Misery: Imprisoned in Nurse Ratched’s guest bedroom

Misery by Stephen King

If you've read one Stephen King novel, you've read nearly all of them. And yet people keep coming back for more. Published in 1987, Misery explores King's relationship with his most obsessive readers while also wrestling with his own addictions.

Misery's plot is pretty straightforward: Paul Sheldon is an author of best-selling novels who one night drunkenly drives into a blizzard and crashes. When he wakes up, he has been (not rescued, but) kidnapped by Nurse Ratched, here named Annie Wilkes.

Annie is a nurse who has access to painkillers and although she helps Paul to heal, she is obsessed with his novels. She insists that he write for her.

... Read More

Strange Toys: An odd, creepy novel

Strange Toys by Patricia Geary

Strange Toys is an odd, creepy novel. It won the Philip K. Dick Award in 1987, though apparently Patricia Geary hadn’t actually intended it as science fiction at all. I found it while exploring the labyrinthine basement of a local used bookstore, but it was reprinted in electronic form in 2018.

The heroine, nicknamed Pet, is the baby of her family. (We never learn her real name.) She is nine years old as the book begins, in the late 1950s. Her twelve-year-old sister, June, bullies her. Her sixteen-year-old sister, Deane, is worse. Deane is in some kind of unspecified trouble with the law (she’s into the occult, too), and the girls’ parents leave home abruptly with Pet and June because they fear retribution from Deane’s criminal friends.

What follo... Read More

Norwegian Wood: Murakami’s breakthrough novel

Norwegian Wood by Haruki Murakami

Toru Watanabe is just another kid studying drama at university when he falls for his friend Naoko, who is in a relationship with another of Toru’s friends, Kizuki — until Kizuki commits suicide. Emotionally confused because she feels “split in two and playing tag with myself,” Naoko escapes to a mountain retreat, though not before sleeping with Toru. Watanabe pines for Naoko as he passes time in Tokyo with his friend Nagasawa. Nagasawa likes The Great Gatsby, and he has no trouble finding women to sleep with him — and with Toru, who feels disgusted with himself after these one-night stands. (Nagasawa, by the way, is in a relationship with Hatsumi, who is devoted to Nagasawa even though she seems too nice for him.) In the midst of these split loyalties and the emotional turbulence they cause, Watanabe meets Midori. Though she also has a boyfriend, Midori and Toru hit it off bec... Read More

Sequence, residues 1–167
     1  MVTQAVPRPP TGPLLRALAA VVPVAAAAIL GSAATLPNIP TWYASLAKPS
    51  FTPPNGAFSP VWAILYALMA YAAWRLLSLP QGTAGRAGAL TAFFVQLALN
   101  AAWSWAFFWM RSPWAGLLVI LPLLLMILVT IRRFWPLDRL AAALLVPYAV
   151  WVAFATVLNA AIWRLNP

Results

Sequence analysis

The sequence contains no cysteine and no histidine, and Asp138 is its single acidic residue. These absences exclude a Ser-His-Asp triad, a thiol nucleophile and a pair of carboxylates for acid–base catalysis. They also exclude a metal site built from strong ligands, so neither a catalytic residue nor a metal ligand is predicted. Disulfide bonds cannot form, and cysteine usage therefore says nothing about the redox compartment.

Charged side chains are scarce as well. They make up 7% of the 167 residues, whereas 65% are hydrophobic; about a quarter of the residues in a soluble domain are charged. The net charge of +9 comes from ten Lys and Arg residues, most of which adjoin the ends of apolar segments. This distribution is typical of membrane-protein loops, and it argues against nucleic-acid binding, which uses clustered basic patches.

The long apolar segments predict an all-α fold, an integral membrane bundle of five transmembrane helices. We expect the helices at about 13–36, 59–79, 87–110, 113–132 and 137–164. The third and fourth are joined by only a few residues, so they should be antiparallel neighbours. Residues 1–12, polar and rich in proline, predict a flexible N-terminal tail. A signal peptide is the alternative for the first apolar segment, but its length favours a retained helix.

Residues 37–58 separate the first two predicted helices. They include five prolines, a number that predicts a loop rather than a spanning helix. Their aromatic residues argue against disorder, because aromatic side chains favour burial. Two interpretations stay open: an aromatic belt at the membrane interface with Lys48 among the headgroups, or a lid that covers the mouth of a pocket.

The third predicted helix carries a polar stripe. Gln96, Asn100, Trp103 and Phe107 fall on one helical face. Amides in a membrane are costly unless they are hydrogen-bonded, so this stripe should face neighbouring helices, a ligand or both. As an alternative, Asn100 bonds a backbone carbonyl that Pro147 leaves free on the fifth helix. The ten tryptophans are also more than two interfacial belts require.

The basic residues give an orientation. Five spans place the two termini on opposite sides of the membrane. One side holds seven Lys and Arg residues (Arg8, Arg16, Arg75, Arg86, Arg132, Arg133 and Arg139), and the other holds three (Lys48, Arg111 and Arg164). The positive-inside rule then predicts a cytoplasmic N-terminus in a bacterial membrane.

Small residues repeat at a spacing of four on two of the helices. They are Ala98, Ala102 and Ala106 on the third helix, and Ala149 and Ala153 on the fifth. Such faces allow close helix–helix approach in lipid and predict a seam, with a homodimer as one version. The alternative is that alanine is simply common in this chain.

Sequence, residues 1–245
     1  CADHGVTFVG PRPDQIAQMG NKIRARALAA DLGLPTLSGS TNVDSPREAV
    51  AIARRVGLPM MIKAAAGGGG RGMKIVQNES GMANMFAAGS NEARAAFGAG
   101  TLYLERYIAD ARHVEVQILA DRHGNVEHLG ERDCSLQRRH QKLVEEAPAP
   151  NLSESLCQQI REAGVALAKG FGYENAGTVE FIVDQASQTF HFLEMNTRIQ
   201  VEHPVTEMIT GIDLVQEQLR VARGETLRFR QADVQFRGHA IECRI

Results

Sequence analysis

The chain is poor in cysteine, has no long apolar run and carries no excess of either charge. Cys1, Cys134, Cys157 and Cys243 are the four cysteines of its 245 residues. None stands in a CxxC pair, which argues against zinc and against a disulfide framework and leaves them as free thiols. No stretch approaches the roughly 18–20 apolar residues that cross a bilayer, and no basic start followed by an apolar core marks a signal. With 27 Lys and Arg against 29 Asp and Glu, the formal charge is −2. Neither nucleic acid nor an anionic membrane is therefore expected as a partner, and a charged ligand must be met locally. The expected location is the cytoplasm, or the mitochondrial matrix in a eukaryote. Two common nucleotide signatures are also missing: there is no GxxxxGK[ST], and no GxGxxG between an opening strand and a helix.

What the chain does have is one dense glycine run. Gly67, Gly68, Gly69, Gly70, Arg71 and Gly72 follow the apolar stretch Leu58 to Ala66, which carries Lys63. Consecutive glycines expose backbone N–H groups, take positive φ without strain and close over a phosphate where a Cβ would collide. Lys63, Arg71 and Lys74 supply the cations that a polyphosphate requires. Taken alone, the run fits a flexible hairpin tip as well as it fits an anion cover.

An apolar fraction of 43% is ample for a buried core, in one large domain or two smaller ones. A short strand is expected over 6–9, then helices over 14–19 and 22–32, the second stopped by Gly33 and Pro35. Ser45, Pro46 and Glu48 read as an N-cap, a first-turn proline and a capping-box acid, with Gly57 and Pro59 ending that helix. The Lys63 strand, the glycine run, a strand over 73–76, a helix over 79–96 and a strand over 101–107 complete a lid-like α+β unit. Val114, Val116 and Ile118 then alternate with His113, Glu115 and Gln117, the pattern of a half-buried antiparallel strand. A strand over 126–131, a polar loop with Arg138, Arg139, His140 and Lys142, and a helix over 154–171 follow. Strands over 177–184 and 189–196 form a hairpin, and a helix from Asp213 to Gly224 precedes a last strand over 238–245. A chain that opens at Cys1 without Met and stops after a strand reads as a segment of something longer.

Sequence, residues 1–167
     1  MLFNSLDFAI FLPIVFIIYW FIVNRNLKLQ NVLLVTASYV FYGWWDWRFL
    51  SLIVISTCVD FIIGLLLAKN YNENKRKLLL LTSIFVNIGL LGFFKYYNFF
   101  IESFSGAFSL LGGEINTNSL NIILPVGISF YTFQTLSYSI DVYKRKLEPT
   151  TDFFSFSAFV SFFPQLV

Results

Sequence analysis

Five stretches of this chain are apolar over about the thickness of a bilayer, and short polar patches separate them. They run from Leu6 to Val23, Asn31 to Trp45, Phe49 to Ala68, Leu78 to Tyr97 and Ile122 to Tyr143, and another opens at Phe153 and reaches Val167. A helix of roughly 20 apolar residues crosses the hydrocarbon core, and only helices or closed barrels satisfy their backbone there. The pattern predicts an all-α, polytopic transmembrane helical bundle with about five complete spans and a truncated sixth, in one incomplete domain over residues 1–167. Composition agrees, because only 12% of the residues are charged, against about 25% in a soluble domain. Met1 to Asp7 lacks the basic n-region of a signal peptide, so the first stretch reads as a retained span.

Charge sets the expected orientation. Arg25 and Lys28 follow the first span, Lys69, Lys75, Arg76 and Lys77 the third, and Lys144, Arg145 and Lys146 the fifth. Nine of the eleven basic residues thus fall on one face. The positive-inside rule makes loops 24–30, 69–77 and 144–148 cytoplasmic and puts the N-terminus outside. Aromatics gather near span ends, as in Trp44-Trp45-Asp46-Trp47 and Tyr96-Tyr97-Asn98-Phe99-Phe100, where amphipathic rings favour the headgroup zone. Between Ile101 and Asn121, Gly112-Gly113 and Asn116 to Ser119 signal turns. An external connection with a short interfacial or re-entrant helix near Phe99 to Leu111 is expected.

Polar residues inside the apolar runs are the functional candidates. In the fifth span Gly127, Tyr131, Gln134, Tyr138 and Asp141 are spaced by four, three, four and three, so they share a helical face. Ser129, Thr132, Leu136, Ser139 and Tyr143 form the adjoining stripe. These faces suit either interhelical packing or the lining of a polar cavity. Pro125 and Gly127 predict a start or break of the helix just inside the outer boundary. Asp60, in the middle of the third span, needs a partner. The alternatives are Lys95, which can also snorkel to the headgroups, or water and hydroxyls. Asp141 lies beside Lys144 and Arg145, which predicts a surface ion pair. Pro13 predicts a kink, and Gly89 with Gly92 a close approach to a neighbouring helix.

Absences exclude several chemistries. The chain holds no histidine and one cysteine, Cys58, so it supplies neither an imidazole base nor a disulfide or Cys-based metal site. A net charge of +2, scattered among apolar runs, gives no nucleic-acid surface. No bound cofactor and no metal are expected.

Batman: Year One: Worth reading and rereading

Batman: Year One by Frank Miller

Frank Miller’s Batman: The Dark Knight Returns (1986) completely reinvented Batman as an angry and bitter older man coming out of retirement to stem a rising tide of crime in Gotham City alongside Police Commissioner Jim Gordon. This was a dark vision of a complex and troubled soul driven to fight crime to avenge his parent’s senseless death, and it resonated with a new generation of readers and gained comics greater credibility among mainstream readers. Just one year later Miller produced a four-part story arc called Batman: Year One Read More

The Jaguar Hunter: Powerful, hallucinatory stories in exotic locales

The Jaguar Hunter by Lucius Shepard

I try to avoid excessive praise unless it is truly deserved, but I can say this without hesitation -- Lucius Shepard was one of the best SF short story writers of the 1980s. His prose, imagery, themes, and style are so powerful, dynamic, and vivid that it’s a real crime that he didn't gain a wider readership when he was alive, though he did win many awards.

He burst on the scene with his short story collection The Jaguar Hunter, which won the 1988 World Fantasy Award and Locus Award for Best Collection. Many of the stories were nominated for the Hugo and Nebula Awards, with “Salvador” winning the Locus Award in 1985 and “R&R” winning the Nebula Award in 1987. His work is characterized by strong elements of magic realism, supernatural horror, Central American and oth... Read More

Land of Dreams: Strong echoes of Bradbury’s Something Wicked This Way Comes

Land of Dreams by James P. Blaylock

James P. Blaylock is a fabulist, a teller of magic realist tales that reframe our everyday world in more colorful, fanciful, sinister, and whimsical ways. His style and themes often overlap with the works of Tim Powers and they have collaborated on several stories and even have shared the character William Ashbless, which is no surprise since they met as students at Cal State Fullerton. There they also befriended author K.W. Jeter (who coined the term “steampunk” and wrote perhaps the earliest full-length example, 1987’s Infernal Devices), and they are sometimes grouped together as ... Read More

Watchmen by Alan Moore (writer) & Dave Gibbons (Artist)

Watchmen by Alan Moore and Dave Gibbons

What if superheroes were real? I mean really “real”: what if they grew old and got fat, had spouses and families, carried emotional baggage (sometimes a serious psychosis), and just generally had to deal with everyday life? These super-heroes aren’t inherently all good, either. Just like public servants — police, politicians, doctors, etc. — many begin with the best intentions, but some become jaded and others are only motivated by self-interest from the start. In other words, if superheroes were real, they would be just like us, more or less.